Longer curfew for Washington’s young drivers?

Longer curfew for Washington’s young drivers?
A draft Washington State Strategic Highway Safety Plan includes a proposal to impose curfews on new drivers to reduce fatalities. Photo: freepik.com

A draft proposal of the Washington State Strategic Highway Safety Plan Target Zero 2019 includes a list of recommendations to reduce traffic accidents that if implemented would create greater hurdles for young drivers to get their license and extend restrictions after that on how and when they can drive.

Under the current Washington’s Graduated Driver’s License program, residents between 16-17 must first obtain an instruction permit for six months before getting their driver’s license. They must also complete a training course and drive a total of 40 hours in daylight and 10 hours at night with someone who has their driver’s license for five or more years.

But even after they receive their licenses, intermediate drivers still have limitations imposed, including:

  • No passengers under 20 years old for the first six months, with family members excluded;
  • No more than three passengers under 20 years old for the next six months, family members excluded;
  • No driving between the hours of 1 a.m. and 5 a.m. unless driving with someone 25 years or old. Exceptions are made for drivers engaging in agriculture-related transporting; and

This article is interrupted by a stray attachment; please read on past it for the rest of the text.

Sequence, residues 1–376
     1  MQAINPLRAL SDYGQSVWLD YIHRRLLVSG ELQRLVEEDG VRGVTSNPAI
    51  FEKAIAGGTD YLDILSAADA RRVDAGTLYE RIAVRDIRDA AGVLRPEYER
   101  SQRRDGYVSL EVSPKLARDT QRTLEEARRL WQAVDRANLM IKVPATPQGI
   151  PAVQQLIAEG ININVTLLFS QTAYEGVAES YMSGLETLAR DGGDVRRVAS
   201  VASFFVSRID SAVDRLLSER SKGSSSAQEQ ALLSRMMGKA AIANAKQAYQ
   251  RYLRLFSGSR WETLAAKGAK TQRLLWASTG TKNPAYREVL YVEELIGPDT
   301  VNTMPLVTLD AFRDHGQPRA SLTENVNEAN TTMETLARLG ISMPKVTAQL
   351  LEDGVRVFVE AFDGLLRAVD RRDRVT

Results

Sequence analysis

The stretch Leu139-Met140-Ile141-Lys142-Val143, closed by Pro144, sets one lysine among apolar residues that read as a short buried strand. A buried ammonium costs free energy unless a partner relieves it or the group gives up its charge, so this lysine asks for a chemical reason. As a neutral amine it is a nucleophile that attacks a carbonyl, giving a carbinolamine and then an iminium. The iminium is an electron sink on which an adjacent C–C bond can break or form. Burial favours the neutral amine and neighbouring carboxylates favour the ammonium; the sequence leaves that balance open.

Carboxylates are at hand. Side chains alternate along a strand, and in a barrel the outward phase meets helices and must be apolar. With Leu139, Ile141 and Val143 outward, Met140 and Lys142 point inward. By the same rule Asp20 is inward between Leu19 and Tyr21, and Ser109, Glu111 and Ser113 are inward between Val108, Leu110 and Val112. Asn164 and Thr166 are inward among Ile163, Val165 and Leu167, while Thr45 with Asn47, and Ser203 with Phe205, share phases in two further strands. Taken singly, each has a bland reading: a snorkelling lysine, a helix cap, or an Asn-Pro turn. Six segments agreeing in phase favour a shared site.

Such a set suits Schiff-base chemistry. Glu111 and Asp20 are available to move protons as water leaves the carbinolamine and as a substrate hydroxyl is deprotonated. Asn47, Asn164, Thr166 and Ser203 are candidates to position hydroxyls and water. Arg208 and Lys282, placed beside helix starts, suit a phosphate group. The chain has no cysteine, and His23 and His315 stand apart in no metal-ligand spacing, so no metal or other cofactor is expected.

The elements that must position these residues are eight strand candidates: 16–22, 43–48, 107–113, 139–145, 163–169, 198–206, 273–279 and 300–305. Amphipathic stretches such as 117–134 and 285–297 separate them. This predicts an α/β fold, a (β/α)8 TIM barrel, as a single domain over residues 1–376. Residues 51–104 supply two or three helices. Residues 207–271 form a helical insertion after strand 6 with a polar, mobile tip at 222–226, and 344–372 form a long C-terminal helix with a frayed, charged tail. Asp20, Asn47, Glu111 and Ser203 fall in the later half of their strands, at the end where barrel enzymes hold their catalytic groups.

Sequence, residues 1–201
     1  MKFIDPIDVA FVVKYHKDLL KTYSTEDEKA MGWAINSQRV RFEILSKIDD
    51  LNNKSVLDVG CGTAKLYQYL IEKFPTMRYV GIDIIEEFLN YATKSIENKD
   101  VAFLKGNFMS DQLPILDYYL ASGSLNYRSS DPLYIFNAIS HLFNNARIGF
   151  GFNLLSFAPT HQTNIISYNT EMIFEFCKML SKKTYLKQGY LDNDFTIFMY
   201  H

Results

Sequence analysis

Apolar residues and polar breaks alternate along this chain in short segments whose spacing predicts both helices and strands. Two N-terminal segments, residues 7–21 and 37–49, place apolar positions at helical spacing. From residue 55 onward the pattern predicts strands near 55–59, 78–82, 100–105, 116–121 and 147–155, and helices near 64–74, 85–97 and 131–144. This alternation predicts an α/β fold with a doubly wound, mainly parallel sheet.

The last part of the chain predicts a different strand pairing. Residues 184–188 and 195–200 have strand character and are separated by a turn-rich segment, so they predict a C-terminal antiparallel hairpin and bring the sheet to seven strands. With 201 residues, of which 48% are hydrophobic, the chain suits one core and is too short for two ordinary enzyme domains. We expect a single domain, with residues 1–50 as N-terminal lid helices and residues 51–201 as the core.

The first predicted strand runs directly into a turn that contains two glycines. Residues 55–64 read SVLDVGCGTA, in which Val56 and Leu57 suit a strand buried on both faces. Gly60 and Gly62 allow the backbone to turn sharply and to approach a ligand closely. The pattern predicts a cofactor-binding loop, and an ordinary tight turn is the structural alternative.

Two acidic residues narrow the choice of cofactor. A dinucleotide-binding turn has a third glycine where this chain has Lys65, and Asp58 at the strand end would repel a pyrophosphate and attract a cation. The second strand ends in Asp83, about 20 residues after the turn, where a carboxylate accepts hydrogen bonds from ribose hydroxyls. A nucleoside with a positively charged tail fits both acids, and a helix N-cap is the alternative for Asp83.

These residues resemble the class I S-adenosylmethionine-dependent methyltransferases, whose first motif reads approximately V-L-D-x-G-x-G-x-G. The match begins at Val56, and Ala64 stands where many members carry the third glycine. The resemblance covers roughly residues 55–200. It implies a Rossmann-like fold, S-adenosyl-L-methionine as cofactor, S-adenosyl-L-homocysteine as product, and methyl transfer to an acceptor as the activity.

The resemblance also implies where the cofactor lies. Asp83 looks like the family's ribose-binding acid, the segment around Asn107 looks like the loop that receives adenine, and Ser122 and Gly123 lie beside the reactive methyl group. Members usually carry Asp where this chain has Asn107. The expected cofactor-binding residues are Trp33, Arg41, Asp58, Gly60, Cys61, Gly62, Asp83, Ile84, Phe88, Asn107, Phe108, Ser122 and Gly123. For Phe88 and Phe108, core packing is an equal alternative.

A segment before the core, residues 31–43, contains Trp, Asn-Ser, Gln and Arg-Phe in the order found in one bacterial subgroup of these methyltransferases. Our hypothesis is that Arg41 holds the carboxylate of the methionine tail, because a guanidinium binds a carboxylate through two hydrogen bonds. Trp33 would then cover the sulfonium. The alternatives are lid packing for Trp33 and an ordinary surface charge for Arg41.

• No cell phone use including the use of Bluetooth, unless it’s an emergency call.

Included in the draft Target Zero 2019 proposal are proposed changes, including that curfew hours would be extended to 9 p.m., rather than 1 a.m. However, this curfew would not apply to driving done for school, religious activities or work.

Other suggestions included in the draft plan are:

  • Requiring intermediate drivers have their instruction permit for a year before receiving a license;
  • Extending passenger restrictions by one year;
  • Require a logbook record of hours driven be submitted when applying for a license, along with proof of supervising driver certification; and
  • Increasing the minimum driving hours from 50 hours to 80-100 hours.

According to the draft plan, these recommendations are based on research from the GDL Framework Safety Center regarding young driver safety.

Stakeholders involved include the Washington Traffic Safety Commission, Washington State Department of Transportation, Washington Department of Licensing, Washington State Department of Health, the state Health Care Authority, the Association of Washington Cities and the Washington State Association of Counties.

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